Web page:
How Dixons Travel uses digital signage to engage airport shoppers

 In Digital Signage, Retail

Customers shopping at airports have a very different shopper journey to regular in-store and online consumers. Travelling through an airport terminal you have both holidaymakers and business travellers, those who have a very short window before their flight departs as well as those on delayed flights with time to waste.

It’s this distinct difference in shopping behaviour which makes Dixons Travel a separate entity of the Dixons Carphone group – “it’s own little bubble”, as Dixons Travel MD, Heidi Woodhouse describes it, with control over operations and marketing.

Thanks to this sovereignty, Dixons Travel has been keen to try the latest digital solutions in its 31 stores (one of which is on a cruise ship). A re-fitting programme is underway, with Terminal 3 in Heathrow being the first to get technology makeover.

Tech includes smart signage connected to shelf sensors – so if a customer picks up a camera, the screen will instantly relay specifications about that particular make and model. The retailer is also about to trial electronic shelf labelling (ESL) later this year to help it deliver on its price promise policy in real-time rather than changing labels once a day.

Meanwhile, store colleagues all wear Fitbit activity trackers which are also linked to digital signage throughout the store showing how many steps they have taken. And due to the increased popularity of smart home products, Dixons Travel has worked with airports to increase its Wi-Fi bandwidth so colleagues can demonstrate how to adjust Philips Hue lighting from their phones and use voice devices such as Google Home.

“When you’re in there it feels like an Aladdin’s cave,” Woodhouse tells Essential Retail.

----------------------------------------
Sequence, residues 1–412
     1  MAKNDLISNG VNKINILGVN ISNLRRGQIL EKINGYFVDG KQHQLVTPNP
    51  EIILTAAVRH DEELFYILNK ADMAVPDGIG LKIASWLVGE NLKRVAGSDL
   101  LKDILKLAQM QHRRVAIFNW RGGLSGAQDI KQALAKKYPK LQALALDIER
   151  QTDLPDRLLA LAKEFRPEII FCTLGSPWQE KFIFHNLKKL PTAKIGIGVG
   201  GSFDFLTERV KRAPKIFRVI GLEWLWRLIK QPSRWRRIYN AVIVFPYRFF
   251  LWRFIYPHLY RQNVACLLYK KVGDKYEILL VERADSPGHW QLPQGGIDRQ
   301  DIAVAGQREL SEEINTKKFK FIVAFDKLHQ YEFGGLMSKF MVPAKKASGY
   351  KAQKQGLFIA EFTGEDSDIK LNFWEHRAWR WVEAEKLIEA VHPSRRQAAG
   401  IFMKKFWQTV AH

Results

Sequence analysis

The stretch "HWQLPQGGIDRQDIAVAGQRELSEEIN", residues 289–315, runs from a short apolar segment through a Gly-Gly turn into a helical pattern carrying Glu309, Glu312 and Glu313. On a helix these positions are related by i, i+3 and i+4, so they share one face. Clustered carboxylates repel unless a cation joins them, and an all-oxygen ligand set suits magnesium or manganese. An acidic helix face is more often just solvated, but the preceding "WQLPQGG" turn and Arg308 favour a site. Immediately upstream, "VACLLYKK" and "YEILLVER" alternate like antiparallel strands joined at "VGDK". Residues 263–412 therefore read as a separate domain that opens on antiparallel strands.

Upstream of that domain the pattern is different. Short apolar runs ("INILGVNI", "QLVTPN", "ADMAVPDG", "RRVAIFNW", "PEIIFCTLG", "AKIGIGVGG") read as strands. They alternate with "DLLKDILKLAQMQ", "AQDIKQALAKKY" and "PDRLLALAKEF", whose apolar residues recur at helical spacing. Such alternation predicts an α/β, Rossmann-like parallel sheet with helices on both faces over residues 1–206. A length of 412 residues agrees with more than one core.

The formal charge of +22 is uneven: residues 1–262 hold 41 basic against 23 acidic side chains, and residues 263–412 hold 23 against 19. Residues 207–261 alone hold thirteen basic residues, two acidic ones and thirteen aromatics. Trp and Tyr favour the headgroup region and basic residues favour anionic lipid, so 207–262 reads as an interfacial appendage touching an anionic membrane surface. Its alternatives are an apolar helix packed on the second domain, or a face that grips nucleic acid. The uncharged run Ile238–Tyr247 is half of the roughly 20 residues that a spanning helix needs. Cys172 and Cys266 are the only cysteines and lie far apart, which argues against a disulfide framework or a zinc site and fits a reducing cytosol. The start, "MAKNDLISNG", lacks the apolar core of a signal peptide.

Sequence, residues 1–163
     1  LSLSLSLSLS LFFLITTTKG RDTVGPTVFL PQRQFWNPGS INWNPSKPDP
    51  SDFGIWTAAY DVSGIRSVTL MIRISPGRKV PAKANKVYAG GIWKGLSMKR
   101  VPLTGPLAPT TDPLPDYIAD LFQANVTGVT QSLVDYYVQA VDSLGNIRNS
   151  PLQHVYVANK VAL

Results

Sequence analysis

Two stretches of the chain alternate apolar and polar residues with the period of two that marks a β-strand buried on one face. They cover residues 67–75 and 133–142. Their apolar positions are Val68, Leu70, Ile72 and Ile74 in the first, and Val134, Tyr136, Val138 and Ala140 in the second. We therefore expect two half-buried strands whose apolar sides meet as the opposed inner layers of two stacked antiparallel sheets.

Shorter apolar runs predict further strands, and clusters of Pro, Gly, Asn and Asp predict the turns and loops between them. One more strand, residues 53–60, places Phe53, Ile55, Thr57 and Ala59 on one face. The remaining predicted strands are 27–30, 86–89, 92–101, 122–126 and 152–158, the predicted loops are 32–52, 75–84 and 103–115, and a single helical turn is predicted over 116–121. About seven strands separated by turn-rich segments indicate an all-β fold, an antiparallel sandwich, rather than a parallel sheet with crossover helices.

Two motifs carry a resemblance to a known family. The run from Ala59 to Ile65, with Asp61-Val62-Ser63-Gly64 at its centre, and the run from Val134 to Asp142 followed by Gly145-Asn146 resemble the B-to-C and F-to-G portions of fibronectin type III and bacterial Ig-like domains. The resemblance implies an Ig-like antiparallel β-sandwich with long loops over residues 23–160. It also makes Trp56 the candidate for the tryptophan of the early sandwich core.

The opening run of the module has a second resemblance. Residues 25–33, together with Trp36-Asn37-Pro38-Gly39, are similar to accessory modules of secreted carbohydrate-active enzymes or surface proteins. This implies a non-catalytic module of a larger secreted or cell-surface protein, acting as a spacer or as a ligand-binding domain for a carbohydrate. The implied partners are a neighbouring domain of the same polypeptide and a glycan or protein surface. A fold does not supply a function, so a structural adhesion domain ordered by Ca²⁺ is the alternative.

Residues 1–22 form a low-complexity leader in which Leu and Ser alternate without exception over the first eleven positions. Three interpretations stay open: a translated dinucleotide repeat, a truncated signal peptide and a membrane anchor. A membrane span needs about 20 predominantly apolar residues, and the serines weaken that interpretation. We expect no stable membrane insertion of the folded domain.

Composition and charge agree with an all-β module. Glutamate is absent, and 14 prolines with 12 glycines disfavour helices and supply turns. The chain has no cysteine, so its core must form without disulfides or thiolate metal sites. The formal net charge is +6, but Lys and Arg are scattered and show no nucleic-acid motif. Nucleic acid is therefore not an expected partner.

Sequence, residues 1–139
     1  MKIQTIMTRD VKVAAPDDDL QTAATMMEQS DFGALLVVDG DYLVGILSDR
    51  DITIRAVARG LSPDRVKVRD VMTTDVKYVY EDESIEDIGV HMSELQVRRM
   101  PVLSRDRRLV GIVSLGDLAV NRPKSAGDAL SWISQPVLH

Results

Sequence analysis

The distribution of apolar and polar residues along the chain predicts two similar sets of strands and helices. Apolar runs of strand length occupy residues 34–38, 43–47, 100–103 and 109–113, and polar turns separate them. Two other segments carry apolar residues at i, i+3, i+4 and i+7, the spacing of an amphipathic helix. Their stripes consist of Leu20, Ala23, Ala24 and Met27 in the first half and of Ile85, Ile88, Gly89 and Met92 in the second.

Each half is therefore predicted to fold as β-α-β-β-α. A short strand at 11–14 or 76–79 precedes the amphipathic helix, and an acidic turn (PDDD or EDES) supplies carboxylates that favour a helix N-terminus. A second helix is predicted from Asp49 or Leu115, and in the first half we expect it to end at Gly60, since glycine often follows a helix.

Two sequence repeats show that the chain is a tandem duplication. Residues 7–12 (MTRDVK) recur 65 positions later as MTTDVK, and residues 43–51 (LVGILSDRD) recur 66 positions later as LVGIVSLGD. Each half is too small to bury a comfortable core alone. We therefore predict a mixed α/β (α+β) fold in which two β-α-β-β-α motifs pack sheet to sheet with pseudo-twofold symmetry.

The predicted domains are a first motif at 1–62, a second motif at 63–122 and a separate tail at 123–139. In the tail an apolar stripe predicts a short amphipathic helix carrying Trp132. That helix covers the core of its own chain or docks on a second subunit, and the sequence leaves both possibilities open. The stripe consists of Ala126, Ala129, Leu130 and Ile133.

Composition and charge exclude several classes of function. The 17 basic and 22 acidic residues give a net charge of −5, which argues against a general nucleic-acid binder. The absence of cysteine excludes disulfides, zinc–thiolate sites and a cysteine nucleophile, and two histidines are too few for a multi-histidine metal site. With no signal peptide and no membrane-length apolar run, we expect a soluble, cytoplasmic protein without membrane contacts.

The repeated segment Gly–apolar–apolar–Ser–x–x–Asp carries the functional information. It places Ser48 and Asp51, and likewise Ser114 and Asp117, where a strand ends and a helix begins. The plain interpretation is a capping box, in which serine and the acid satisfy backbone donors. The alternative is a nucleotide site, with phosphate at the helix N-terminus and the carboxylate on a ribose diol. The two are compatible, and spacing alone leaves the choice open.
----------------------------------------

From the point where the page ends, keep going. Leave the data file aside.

Digital signage is a key tool for engaging customers who are walking through the terminal, but Woodhouse says the retailer is not using the technology as a replacement for store colleagues when the shop gets busy at peak periods. Instead, Dixons Travel is able to predict footfall peaks using a tool it has built in-house, which identifies the time flights are departing the terminal.

“This tells us what flights are coming in and when and how many colleagues we need to have on the shop floor, so we will always have enough colleagues.”

While this system has been used for planning peak shifts over the past couple of years, it has only been since the re-fit and the introduction of large-scale digital signage where Dixons Travel has been able to really leverage the data it has at its fingertips.

“We’re also utilising new digital screens we are putting into our new stores which send specific messages to consumers, because we know exactly who is buying what, at what time,” describes Woodhouse

“We know that on the American flight out of T3 at 10am on a Tuesday most people like to buy Apple products, so we will send messages about our price promise and the latest products during that hour window. And we’ll change it an hour later to imaging because we know that’s when people are going to Kenya on safari and might be wanting to buy cameras.”

Woodhouse says this messaging helps customers get excited about products or confirms their decision on a big-ticket purchase they might have been considering.

She describes how Dixons Travel has a very premium customer, with business travellers passing through the terminal up to 11 times a year.

“We have a lot of credit card data, boarding passes, which flights are going out and who is buying what and we put all of that information together to work out what products these people will like. What we’re trying to do is get a really tailored experience for our customers.”

The solution is being rolled out to all Dixon Travel stores as part of the re-fit programme, with the retailer’s flagship at Heathrow’s T5 terminal to be upgraded in September.

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